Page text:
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Diesel Jeep CJ-10A - Bullnose

A Diesel-Powered Jeep Originally Built For The Military

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The torque generated by diesel powerplants is advantageous for hauling everything from travel trailers to competition sleds to fighter jets. Yes, we said fighter jets. It's a little known fact that the United States Air Force has been using specially constructed diesel trucks to move aircraft around for decades. The Air Force's current fleet of tugs is comprised primarily of short-wheelbase Ford and Dodge diesel pickups. But prior to that, AMC built a series of diesel-powered Jeep CJ-10A pickups to shuttle around all types of aircraft. The Jeep CJ-10A utilized a fuel-sipping Nissan SD33 3.3L inline six-cylinder diesel engine-the same engine found in some International Scouts. Recognizing the potential of these unique vehicles (beyond their use on the tarmac), Jerome Jenkins purchased his CJ-10A at a government auction for less than $2,000.

Diesel Drivetrain
Jerome scored his diesel Jeep with only 11,000 miles on it. Of course, who knows how hard those 11,000 miles were...Even so, the 90hp SD33 left something to be desired. To up the power and turn the big tires, Jerome added an exhaust manifold and an AiResearch turbocharger from an '80 Scout II that he found on eBay for $500. He then turned up the fuel on the Kiki injection pump by removing the fuel pressure spring to complement the added air. The injection pump originally used a vacuum linkage, but Jerome was able to retrofit a mechanical linkage to allow easier adjustments. A 2 1/2-inch exhaust system and conical intake were also added.

Behind the SD33 sits the factory TorqueFlite 727 three-speed automatic and stock transmission cooler. The CJ-10A NP208 transfer case, however, was not retained. In order to address the low power output of the Nissan diesel, the aircraft tugs were built with a cover plate over the transfer case shifter and permanently locked in low range. The gear reduction was great at the airfield, but not on the highway. So Jerome replaced the NP208 with a more common Dana 300 transfer case, which bolted in place without the need for an expensive adapter. The Dana 300 also uses a cast-iron case and is gear-driven, unlike the aluminum NP208.

Low-Budget Modifications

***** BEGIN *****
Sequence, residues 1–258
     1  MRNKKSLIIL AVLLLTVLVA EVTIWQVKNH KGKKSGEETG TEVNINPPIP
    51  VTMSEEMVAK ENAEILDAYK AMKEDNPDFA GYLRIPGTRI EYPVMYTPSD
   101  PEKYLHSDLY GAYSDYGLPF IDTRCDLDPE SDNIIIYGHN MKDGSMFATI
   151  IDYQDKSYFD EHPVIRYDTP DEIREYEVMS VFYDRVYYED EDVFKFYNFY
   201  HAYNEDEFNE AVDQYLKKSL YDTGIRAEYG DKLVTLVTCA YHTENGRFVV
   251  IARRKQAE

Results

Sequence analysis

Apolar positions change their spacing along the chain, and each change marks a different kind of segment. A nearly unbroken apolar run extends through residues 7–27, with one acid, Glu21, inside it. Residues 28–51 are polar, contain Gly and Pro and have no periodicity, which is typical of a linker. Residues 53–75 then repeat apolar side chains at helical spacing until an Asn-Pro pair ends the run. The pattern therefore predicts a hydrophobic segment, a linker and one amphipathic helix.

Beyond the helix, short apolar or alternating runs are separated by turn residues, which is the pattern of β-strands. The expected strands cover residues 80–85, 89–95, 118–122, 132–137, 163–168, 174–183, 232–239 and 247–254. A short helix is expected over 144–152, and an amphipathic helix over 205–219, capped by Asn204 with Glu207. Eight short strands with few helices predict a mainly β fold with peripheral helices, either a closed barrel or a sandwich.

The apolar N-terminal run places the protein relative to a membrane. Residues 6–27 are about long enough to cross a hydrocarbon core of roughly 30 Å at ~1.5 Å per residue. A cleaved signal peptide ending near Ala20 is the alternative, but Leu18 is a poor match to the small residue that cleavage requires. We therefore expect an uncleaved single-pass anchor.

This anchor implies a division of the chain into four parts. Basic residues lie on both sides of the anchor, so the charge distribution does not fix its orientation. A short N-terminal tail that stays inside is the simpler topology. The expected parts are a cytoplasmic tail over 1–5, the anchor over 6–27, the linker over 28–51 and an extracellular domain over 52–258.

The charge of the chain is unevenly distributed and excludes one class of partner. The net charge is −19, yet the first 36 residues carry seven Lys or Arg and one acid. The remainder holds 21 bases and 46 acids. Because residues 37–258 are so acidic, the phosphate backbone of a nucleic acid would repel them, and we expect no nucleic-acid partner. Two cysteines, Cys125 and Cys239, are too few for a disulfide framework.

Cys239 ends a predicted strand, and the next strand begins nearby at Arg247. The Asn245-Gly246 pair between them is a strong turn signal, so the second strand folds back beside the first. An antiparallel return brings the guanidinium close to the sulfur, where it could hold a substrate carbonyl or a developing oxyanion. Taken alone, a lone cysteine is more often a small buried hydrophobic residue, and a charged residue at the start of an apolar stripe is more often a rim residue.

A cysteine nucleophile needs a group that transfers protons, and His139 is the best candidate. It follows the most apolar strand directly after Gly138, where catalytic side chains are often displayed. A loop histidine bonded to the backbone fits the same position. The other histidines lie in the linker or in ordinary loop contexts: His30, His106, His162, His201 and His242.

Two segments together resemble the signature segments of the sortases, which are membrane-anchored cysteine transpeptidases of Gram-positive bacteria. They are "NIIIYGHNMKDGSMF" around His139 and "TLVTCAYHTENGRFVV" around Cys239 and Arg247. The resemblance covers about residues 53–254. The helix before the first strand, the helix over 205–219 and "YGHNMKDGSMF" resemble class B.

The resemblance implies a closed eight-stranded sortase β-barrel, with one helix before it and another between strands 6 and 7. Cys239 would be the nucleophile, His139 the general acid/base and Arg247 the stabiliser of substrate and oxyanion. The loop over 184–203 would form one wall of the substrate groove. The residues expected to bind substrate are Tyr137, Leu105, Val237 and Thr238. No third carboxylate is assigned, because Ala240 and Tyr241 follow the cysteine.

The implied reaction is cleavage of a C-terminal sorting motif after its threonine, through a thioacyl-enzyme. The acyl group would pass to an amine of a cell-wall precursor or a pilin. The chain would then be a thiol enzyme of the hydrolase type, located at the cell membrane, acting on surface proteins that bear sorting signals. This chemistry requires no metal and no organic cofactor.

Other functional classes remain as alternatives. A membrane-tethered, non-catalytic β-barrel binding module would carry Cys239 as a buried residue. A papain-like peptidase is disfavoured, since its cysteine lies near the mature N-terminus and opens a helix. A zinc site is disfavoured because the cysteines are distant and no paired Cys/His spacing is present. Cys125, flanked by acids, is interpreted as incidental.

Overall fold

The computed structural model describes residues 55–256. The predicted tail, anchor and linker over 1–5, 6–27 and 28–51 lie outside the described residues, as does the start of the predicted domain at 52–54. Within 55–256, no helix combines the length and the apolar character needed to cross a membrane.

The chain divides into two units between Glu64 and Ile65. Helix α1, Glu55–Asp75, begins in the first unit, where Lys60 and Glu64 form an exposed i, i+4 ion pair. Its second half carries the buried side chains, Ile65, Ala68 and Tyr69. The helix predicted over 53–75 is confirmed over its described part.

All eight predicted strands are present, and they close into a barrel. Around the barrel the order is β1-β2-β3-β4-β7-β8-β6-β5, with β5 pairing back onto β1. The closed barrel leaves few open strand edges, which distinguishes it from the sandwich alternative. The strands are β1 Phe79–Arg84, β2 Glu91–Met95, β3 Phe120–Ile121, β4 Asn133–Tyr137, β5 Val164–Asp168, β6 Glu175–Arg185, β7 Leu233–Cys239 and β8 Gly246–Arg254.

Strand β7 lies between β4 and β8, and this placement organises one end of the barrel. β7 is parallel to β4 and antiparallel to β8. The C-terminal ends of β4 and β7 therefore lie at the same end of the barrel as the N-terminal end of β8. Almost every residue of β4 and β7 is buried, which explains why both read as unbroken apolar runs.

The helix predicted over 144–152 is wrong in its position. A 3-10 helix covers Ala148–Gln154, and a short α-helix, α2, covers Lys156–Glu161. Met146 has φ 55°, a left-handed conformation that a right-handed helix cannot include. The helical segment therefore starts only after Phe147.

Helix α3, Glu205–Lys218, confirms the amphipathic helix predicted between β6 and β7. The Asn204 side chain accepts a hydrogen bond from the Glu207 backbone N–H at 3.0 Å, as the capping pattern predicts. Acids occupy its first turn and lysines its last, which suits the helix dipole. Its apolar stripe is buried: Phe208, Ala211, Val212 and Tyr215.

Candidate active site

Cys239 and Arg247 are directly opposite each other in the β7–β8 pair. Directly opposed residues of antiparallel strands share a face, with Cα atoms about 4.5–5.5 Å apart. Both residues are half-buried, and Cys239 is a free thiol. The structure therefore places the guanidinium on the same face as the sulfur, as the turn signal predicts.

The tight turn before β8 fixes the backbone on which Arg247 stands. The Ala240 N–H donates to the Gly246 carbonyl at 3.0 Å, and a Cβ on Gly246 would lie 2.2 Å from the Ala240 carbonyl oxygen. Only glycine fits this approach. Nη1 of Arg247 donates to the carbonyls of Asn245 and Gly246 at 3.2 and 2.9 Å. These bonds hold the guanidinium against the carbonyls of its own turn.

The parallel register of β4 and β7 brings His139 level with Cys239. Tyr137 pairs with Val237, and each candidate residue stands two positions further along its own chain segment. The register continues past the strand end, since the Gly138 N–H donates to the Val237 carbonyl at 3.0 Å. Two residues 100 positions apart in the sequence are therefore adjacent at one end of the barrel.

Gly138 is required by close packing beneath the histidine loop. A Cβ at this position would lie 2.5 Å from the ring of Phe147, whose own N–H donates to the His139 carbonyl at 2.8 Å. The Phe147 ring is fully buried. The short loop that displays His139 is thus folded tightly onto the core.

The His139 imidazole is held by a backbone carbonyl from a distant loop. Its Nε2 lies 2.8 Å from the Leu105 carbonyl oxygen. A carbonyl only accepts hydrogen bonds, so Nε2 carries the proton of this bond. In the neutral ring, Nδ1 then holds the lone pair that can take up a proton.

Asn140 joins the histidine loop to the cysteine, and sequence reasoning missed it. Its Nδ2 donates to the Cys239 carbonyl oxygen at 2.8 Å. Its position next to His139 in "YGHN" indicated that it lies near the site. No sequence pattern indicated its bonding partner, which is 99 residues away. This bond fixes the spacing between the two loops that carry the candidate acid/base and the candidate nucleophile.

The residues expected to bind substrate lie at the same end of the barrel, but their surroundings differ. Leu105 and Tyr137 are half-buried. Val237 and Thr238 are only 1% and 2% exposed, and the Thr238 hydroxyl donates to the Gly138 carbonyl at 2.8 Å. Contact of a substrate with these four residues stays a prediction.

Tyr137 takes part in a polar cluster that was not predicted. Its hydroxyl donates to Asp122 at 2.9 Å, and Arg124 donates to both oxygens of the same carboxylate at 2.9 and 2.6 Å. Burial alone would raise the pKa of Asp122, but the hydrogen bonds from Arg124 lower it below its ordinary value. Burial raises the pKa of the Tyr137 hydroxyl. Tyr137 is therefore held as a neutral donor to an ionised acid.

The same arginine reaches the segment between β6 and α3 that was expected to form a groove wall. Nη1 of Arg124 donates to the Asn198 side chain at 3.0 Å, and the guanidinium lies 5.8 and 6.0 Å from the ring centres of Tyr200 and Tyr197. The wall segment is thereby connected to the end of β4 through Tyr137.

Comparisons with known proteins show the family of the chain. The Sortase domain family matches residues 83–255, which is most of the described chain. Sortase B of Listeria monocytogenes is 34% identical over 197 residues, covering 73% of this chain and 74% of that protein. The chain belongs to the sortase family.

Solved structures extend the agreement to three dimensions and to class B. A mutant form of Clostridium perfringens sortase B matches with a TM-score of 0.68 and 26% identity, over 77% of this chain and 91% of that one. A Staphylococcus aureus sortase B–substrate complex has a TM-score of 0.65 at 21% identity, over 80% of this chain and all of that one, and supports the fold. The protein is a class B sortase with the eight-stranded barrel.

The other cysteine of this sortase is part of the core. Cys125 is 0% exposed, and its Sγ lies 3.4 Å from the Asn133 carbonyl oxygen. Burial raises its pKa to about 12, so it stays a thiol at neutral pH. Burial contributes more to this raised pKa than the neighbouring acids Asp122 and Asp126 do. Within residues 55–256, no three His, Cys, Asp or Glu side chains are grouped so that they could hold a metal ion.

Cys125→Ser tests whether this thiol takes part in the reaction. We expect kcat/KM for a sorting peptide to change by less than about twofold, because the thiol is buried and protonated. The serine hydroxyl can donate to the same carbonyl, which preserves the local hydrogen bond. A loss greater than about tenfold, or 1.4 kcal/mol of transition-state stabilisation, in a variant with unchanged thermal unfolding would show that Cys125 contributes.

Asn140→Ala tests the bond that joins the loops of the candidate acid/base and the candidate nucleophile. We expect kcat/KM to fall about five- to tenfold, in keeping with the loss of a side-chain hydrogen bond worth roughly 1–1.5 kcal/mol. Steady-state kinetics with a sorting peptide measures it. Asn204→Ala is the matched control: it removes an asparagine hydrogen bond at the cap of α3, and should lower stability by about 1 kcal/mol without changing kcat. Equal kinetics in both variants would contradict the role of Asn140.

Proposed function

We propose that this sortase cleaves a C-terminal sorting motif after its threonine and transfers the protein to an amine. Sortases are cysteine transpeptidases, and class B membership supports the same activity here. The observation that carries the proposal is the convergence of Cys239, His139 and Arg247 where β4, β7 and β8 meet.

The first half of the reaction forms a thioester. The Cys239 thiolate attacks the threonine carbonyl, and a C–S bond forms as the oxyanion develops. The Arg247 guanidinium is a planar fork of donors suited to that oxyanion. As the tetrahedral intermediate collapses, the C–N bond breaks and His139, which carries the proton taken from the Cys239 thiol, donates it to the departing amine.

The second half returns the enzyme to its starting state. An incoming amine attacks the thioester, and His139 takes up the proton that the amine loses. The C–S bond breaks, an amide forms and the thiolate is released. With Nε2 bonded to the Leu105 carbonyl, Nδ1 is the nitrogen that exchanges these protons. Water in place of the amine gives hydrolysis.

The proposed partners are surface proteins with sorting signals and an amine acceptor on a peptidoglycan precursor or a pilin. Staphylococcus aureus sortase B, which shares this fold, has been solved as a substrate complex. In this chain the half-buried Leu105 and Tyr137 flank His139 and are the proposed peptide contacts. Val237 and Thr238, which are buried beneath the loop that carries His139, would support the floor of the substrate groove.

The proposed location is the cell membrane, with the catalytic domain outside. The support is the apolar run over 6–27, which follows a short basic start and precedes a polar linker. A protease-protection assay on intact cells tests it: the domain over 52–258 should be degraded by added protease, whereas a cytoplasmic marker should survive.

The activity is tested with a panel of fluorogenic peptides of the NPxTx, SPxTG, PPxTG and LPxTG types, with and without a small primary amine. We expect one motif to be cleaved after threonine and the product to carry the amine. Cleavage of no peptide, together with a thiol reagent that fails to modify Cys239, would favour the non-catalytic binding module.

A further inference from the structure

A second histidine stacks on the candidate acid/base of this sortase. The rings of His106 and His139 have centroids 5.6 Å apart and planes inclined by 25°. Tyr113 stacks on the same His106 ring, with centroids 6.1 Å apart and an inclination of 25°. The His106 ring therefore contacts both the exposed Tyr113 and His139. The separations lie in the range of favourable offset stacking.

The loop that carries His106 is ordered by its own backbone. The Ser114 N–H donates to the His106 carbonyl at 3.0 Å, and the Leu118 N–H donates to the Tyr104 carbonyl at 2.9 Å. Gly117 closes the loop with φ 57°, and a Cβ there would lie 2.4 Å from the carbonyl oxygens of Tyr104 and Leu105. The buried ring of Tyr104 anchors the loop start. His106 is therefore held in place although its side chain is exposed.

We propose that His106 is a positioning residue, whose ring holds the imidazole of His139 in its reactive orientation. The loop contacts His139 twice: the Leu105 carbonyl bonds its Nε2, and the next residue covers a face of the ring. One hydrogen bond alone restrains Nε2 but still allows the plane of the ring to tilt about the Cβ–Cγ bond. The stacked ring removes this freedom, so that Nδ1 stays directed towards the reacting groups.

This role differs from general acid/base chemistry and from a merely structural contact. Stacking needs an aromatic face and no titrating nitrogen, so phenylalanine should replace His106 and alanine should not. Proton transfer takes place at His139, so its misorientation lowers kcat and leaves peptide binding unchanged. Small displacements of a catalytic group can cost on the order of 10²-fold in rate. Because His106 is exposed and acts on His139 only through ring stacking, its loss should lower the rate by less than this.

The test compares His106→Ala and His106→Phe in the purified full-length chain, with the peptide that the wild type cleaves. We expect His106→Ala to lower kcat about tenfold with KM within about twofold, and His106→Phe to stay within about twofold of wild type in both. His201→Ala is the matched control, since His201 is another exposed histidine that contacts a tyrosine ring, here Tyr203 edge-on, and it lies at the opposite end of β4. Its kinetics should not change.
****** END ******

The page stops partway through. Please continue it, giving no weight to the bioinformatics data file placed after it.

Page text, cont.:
In addition to the transfer case and turbo, Jerome made a few other modifications in order to make his CJ-10A more capable on the trail. The biggest improvement was the Dana 60 front axle that replaced the factory I-beam. That's right, despite the presence of the transfer case, this Jeep began life as a two-wheel-drive tractor. The new front axle uses 4.88 gears, a welded differential, and dualie hubs to match the track width of the rear axle. The factory Dana 70 rearend was retained out back, but it was moved rearward to increase the wheelbase from a stubby 88 inches to a more reasonable 111 inches.

Jerome fabricated the bed out of a Jeep Wrangler tub that he cut between the door opening and the rear wheelwells. The tub was then enclosed in the front, and the factory 20-gallon fuel tank was mounted in the bed to provide plenty of range on the trail.

Enjoying The Results
Jerome still has some future upgrades planned as his budget allows, including new tires and more gear reduction. The current rolling stock consists of other military hardware; namely 37-inch Goodyear M/Ts mounted on Hutchinson double beadlock wheels-both taken from a military HMMWV. The HMMWV rims have a deep offset that keeps the track width reasonable without having to narrow the wide axle combination. While saving for the next round of modifications, Jerome plays with his rockcrawler and enjoys the multitude of trails around his home in Rio Rancho, New Mexico. The Jeep is fuel efficient, has plenty of cargo space, and the best part is that the whole investment cost him less than $5,000. To put that in perspective, Jerome has spent less on his whole Jeep than some people have on their twin-turbo kits!

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